What’s It Worth? When Buying Diamonds, Trust But Verify

Recently, we had two cases of local people getting hoodwinked by unscrupulous diamond dealers. Buying diamonds should be fun. Whether you prefer brightly lit mall stores, celebrity jewelers or big diamond houses – or even if you like the more educated sale we offer at Old Northeast – it can and should be fun and enlightening. Buying and selling diamonds by the look of the diamond – the way it speaks to you – is a lost experience. Too often people are simply buying paper.

Many a jeweler has gotten into hot water by selling diamonds from labs that are a bit lose in their grading. Some are so loose that it borders on fraud. In our store, we only sell GIA and AGS graded diamonds, with few exceptions – as these two labs are generally the most reliable.

After educating themselves on diamonds, two local couples embarked on a diamond-buying venture on 47th Street in New York City, known for its wholesale diamonds. They lost a lot of money, time, and faith in the diamond industry.

But they are not at fault. Both couples did things 99% correctly. The one thing they did wrong was to trust the wrong jeweler.

The most egregious case involved a young, well-to-do couple who decided to buy a very large fancy yellow (canary) diamond. They inquired at several local jewelers and finally decided to shop on 47th Street in New York City.

They did the right thing, insisting on a GIA grading paper. They looked at several GIA-graded fancy yellow diamonds and settled on a very large fancy yellow stone for over $100,000, offered by the 47th Street dealer. When having the stone set, a well-known jeweler thought he saw something odd and suspected something was amiss. He suggested the couple bring the diamond to ONJ to confirm the GIA rating.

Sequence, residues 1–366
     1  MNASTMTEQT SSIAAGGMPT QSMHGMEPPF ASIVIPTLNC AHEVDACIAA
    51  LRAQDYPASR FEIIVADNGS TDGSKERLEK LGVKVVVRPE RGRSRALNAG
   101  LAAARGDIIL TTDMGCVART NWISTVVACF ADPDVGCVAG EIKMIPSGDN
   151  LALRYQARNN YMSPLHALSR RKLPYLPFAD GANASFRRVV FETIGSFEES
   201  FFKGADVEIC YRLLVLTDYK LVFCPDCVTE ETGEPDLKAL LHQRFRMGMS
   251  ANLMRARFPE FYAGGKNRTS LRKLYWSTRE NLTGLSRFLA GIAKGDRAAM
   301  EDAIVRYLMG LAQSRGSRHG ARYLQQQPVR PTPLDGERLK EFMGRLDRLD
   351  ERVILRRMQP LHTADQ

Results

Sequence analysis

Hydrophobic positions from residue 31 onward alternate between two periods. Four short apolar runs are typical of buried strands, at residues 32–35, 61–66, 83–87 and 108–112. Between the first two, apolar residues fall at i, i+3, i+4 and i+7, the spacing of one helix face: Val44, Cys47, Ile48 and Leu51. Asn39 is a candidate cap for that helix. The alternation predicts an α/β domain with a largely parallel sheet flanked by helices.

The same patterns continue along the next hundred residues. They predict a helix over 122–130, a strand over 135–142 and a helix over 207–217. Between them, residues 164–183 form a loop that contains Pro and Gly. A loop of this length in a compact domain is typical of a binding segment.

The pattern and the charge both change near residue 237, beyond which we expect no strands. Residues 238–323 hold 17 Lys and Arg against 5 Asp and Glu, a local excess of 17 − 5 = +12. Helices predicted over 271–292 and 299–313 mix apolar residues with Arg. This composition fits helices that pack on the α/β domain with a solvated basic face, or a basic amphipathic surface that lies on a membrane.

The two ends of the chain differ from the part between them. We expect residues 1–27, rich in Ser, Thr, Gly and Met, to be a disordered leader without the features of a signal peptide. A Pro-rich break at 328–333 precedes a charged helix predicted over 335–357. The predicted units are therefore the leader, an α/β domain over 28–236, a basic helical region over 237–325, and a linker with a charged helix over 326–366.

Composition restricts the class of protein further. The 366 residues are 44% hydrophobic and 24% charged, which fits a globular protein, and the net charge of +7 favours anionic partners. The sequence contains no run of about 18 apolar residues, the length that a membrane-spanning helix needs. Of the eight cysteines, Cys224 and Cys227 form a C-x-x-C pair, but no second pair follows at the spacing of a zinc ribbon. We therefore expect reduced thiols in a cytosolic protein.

Jeffrey looked at it first and also noticed the aberrations in the stone, which made him think it had been artificially treated. But when the couple showed him the GIA paper, his reaction was that the stone must be correct – since GIA would not issue a full normal report for a stone that had been fracture-filled.

I overheard this and asked to see the stone. I got it under a scope and within minutes gave them the bad news. The stone was treated – fracture-filled. And worth a fraction of what they paid for it. It seems the scammer on 47th Street had obtained an imperfect stone of yellow color, had it “certified” at GIA before treating it to remove black piques (i.e. black imperfections or flaws). This is problematic since fracture-filled stones treated in this manner are typically worth 10%-25% of a natural diamond. Further, a jeweler’s torch when setting – or acidic cleaning fluids – can alter the treatment and revert the stone to its original inferior clarity.

Conclusion: Trust but verify. We can help in the purchase of expensive diamonds and gemstones. You can trust us to walk you through it. We have four GIA graduates on staff. Call for an appointment.

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